No long-time reader of this blog would accuse me of being a prostrate admirer of everything American. But one thing I do find quite nifty is the detailed and well-reasoned judgements their court system produces. They're generally freely available on the web. They are fairly accessible once one learns a few key words and turns of phrase. Some of them are even entertaining reads, in the best sense of that word. I often wish we had something like them in Denmark, where analysis and discussion are not usually found in court rulings.
Now, before you all lynch me, there are certainly many features of the American legal system that I definitely would not want to import. For example, the ground rule that each party in a lawsuit ends up paying his own lawyer's fees, no matter who wins (except when there is an explicit statutory provision otherwise) is not one I'd want to live under – it appears to encourage "nuisance suits" where the plaintiff knows that his case would likely not survive an actual trial, but hopes to get the defendant to settle out of court for a smaller sum that it would cost him to litigate for the win that he is clearly entitled to. And the idea of using juries to decide civil suits strikes me as quaint, to say the least. Many of the laws that American judges have to apply are, of course, batshit insane, but that is hardly the fault of the judges themselves. And something appears to be seriously broken about their tort system.
None of that keeps me from liking the form of the judgements.
In particular, I've become quite the fan of the opinions written by Chief Judge Easterbrook of the U.S. Court of Appeals of the 7th Circuit. You'll find his latest opuses here, intermixed with those of his colleagues; there is no option to limit the search by author. [Amended June 15: yes there is, with RSS feeds even!]
My first encounter with Easterbrook's writing was this one in which the infamous Wallace v. GPL case was finally put to rest. As a longtime user, writer and sometimes advocate of free software, I'm of course pleased with the legal conclusions in there, but they cannot really have been difficult to arrive at. What struck me was that the writing was beautiful. At first I thought that the text I'd arrived at through a dubious chain of links couldn't possibly be the actual ruling of the court. It read more like an essay than an official document. Perhaps it was a summarizing article for some magazine? But no, this was the real stuff.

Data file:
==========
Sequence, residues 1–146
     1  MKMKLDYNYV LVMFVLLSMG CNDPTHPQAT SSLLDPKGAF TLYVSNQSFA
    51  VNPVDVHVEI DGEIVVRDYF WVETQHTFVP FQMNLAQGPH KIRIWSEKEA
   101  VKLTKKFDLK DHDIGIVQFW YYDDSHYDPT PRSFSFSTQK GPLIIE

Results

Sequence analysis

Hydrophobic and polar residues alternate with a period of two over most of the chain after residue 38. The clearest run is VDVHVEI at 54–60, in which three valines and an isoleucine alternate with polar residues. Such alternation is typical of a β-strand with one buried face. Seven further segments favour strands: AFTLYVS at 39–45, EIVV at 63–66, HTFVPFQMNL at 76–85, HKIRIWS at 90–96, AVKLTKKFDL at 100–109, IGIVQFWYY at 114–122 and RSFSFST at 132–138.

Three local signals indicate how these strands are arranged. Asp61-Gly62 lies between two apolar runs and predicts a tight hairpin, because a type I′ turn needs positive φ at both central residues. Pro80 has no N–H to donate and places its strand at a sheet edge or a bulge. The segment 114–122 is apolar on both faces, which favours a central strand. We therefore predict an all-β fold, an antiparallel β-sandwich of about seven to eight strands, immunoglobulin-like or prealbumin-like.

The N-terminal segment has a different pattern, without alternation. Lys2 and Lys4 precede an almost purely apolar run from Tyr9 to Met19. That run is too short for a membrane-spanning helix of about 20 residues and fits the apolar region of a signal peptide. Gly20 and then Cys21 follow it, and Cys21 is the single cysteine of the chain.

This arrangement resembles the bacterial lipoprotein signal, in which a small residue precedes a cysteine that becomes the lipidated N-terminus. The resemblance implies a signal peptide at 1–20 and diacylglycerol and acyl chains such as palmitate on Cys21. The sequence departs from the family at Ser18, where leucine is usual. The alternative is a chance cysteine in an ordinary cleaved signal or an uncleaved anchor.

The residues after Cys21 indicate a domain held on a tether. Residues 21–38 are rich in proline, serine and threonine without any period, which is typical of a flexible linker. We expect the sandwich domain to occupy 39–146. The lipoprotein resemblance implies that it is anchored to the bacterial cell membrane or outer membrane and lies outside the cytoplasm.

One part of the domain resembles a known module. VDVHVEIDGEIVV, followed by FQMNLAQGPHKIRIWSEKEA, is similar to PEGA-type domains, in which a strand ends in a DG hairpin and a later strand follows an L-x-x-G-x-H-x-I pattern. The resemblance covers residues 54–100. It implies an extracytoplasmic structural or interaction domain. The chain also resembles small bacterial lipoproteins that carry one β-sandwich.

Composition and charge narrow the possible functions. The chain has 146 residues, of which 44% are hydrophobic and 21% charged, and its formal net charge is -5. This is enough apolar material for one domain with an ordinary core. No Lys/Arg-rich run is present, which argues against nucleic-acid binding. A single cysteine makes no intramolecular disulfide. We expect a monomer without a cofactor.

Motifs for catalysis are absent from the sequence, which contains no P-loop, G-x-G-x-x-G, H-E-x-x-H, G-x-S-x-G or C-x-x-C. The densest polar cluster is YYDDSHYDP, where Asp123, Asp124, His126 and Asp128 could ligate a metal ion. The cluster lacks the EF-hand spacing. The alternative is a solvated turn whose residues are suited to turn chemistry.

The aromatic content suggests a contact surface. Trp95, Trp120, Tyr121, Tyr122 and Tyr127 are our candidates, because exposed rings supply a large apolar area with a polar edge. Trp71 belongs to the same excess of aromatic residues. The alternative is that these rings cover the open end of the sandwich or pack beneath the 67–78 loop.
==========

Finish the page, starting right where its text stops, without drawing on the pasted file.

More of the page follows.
The Wallace opinion mentioned in passing that itself and similar "opinions" were available for free on the court's website, so I went there and took a look. As it turned out, not all the opinions I sampled reached quite the heights of prosely pleasure that Wallace did. It stands to reason that many court cases are inherently so full of stuffy details and other drudgery that they cannot possibly be made interesting to read about. But a fair number of them proved interesting enough reads to be worth my time.
Among the highlights is one case which opens like this:
[Defendant], a tax lawyer whose opinion letters while at [a law firm] lead to the firm's demise (it had to pay more than $75 million in penalties on account of his work), designed a tax shelter for himself, which one client owning a 37% share. Like many tax shelters it was complex in detail but simple in principle, and to facilitate exposition we cover only its basics, rounding all figures.and another one which carefully dissects of a piece of statutory language:
A transaction with an out-of-pocket cost of $6.000 and no risk beyond that expense, while generating a tax loss of $3.6 million, is the sort of thing that the Internal Revenue Service frowns on.
There remains the question whether the paraphernalia conviction relates to "simple possession of 30 grams or less of marijuana". If [defendant] had been caught with the pipe and five grams, the answer would be yes. As it happens, he was caught with the pipe and zero grams. Yet zero is less than five. The ancient Romans and Greeks did not think zero a number, but today we understand that zero is smaller than 30.You can't make that up. Some you can't even excerpt without doing injustice to the writing: this one you'll just have to read for yourself.
Yet – and this is an important point – for all the colorful (sometimes downright snarky) language Easterbrook always manages to convey the impression that justice is in fact being dealt out, and things that need serious thinking about have gotten it. Doing that while still being an entertaining read takes serious rhetorical talent.
Respectfully recommended for your reading pleasure.
(Be sure also to enjoy the excellent typography of the 7th Circuit opinions. Most of the other circuit courts whose websites I have sampled do provide the text all right, but in rather ugly formats).
P.S. I do know one good argument for having less detailed judgements in the Danish system: time. It takes lots of time and care to draft opinions to the American standard, which would not only burden the already strained resources of the courts, but also add delays of weeks or months to each particular case. The people whose actual money or futures are at stake might reasonably prefer their judgements to arrive quickly rather than being beautifully presented.